What happens when a carer is no longer able to care? I know Hubby would have done what he could but he has a full-time job. And what happens to those carers who don’t have anyone else to rely on?

Some trainers and a gym bagPudding weighs over 4 stone now and looking after him is hard physical work sometimes, particularly when I’m only 8.5 stone myself. My only solution is to make sure I’m as fit and strong as possible. Hence the gym. It helps that the place I go to is full of friendly faces and has a pool and classes as well, so it’s not just slogging on the gym floor. (I’m easily bored!)

The gym for me is not a luxury, it’s a physical necessity. And this week I realised that it’s even more than that. My mood took a bit of a nose-dive with the back pain, and even when I started moving better my mood didn’t. Eventually I forced myself out to do an easy work-out on the treadmill, etc, and I felt so much better all round. Yes, I know that exercise releasing happy endorphins is hardly a revelation yet it makes a difference finally realising it for yourself.

I’ll never be a proper gym bunny but I can admit that sometimes I do quite enjoy it! Maybe some day I may even get round to replacing my embarrassingly tatty trainers…


Weddings are easy. I’ve never quite understood all the stress about them. We had a lovely little register office ceremony followed by a meal at a local restaurant for good friends and family.

Marriage though, that’s the hard bit. Marriage, and any other long-term committed relationship, can be full of little niggles. ‘Why doesn’t she ever remember to lock the shed?’ ‘Why can’t he hang his towel up properly?’ ‘She talks in her sleep.’ ‘Oh my word, will his snoring ever stop?’

Ours became harder after having kids. Routines get interrupted by small, demanding bodies and lack of sleep isn’t known for improving rational conversation. Relaxed weekend mornings become a thing of the past. And we weren’t the first couple to realise this new life makes a difference. Many parents struggle to find time for each other.

So when you add a disabled child into the mix and all the emotional stress of a life-limiting disorder, it’s little wonder that many marriages break under the strain. Studies have shown that the risk of divorce or separation is higher for those parenting a disabled child.

I think we’ve both got better recently at looking after ourselves. Hubby has taken to meditating and doing brilliantly at it. (Sometime soon I expect I’ll blink and he’ll have turned into a Buddhist monk.) But amidst the self-care we have to remember to think about each other too.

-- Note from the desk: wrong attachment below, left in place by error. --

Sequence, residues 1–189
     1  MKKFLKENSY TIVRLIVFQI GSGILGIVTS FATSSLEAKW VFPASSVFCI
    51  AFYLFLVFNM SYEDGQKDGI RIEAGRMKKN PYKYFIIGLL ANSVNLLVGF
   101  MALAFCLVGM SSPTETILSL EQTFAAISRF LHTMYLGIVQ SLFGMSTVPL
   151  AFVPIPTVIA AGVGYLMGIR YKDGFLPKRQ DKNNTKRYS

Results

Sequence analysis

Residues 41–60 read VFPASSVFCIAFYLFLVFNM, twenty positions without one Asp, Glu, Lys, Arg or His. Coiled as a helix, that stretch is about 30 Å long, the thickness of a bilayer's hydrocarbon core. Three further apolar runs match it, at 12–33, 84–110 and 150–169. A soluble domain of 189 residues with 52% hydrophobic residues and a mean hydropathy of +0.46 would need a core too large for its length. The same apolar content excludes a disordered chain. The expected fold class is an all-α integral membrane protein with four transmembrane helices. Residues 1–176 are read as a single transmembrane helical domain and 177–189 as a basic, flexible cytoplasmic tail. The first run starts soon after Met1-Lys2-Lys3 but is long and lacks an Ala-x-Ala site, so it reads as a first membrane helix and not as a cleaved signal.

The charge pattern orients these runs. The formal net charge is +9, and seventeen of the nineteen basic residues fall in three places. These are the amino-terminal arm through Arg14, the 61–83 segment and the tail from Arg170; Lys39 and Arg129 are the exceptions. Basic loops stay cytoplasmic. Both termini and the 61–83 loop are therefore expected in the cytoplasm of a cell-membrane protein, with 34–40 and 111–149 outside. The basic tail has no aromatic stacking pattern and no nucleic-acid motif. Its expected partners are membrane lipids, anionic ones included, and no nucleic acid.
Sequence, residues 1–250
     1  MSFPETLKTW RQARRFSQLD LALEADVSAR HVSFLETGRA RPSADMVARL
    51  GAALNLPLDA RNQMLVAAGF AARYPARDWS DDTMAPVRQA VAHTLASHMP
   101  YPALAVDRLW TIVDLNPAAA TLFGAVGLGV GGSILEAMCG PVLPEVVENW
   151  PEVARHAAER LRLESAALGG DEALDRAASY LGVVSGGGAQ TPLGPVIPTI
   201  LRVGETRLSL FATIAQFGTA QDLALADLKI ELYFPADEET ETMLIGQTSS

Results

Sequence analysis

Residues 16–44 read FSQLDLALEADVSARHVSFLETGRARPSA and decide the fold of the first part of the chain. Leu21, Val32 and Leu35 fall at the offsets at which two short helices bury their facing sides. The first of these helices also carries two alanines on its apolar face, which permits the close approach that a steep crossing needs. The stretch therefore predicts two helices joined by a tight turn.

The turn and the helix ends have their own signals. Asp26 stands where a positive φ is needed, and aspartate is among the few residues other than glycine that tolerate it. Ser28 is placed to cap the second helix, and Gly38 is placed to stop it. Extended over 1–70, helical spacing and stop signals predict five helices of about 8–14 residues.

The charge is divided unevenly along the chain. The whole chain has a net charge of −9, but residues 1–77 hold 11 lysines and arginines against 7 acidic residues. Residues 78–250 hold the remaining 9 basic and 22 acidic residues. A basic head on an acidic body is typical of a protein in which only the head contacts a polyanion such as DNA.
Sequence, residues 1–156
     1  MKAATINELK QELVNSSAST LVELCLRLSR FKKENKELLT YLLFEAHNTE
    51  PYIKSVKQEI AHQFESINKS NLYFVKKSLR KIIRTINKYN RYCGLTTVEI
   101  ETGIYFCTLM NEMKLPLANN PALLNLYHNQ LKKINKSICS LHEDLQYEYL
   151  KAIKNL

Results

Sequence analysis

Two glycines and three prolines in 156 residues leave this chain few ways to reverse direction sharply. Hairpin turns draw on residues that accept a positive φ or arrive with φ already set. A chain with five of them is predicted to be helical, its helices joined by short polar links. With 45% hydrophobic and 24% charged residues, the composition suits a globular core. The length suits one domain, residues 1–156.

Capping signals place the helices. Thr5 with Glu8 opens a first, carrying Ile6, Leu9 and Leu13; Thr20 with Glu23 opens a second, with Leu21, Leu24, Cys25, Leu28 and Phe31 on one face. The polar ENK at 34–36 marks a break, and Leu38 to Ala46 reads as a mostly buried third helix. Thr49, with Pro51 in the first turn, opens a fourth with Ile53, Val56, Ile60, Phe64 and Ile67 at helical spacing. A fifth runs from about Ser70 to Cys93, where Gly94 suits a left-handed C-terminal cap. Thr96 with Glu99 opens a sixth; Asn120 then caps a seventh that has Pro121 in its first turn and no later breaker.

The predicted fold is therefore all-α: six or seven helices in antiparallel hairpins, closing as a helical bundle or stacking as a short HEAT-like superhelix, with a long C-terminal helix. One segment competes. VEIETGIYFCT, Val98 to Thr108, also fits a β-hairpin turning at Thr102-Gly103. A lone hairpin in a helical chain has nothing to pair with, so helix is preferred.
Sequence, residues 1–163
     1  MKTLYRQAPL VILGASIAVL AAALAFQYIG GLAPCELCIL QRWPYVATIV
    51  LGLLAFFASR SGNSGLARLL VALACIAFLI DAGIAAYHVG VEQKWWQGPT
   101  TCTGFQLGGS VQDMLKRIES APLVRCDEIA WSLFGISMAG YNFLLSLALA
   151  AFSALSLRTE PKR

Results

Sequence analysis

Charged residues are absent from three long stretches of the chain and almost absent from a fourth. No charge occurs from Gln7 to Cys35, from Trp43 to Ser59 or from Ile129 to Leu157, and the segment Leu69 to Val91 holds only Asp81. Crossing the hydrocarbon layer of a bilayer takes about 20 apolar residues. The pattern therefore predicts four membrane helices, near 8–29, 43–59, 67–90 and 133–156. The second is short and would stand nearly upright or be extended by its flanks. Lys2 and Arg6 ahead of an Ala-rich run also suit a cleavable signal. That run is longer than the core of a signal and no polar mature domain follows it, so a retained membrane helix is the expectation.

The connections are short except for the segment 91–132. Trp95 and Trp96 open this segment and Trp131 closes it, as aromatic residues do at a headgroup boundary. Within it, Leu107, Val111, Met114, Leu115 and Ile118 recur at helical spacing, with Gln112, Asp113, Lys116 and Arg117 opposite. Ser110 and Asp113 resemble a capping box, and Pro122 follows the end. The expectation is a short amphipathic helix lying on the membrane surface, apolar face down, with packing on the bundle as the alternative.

Swinsty-031Yesterday Hubby had a day off work. I was full of cold and very tempted just to go back to bed, but instead I made the effort and we went for a walk. I was so glad we did. The sun was shining and the wind blew away some of my fogginess. We chatted. We listened to the birdsong and laughed at the inescapable smell of cowpats. We took full advantage of the kissing gates. It was even warm enough to eat our lunch outside at the cafe.

Hubby and I have obviously had the occasional meal out or cinema trip once the kids are in bed. But making the time to go out together during the day, felt … more relaxed, more free, more like before having children. A reminder of how important we are to each other.

Recently I wrote a sort of love letter to our doctor, so I guess it’s only fair I write one to you too, Hubby.

I know I find it hard dealing with much of Pudding’s difficult behaviour and appointments myself. But you don’t have an easy life either – working full-time and also having the same emotional strains. I’m glad that we are able to talk things through and I admit that the reason why any relationship niggles don’t last too long is mostly down to you. You are so much better than me at building bridges.

In our marriage vows I promised to be there when you cry and to laugh at your worst jokes. I promised that when we disagree I would do my best to understand you and that when I was hurting I would try to tell you why. I’m not sure I do too well on some of these (you make the jokes one particularly difficult!) but I do think of what I promised quite often. And I do try.

You’re by no means perfect but then neither am I. No matter how grumpy or sulky I get, you should know that I’m glad I’m walking this path with you. I couldn’t have chosen a better husband or father, MPS or no MPS.

Love always, SB xx

For those in the same position looking for more advice and support, Contact (previously Contact a Family) has a great booklet on looking after your relationship while parenting a disabled child.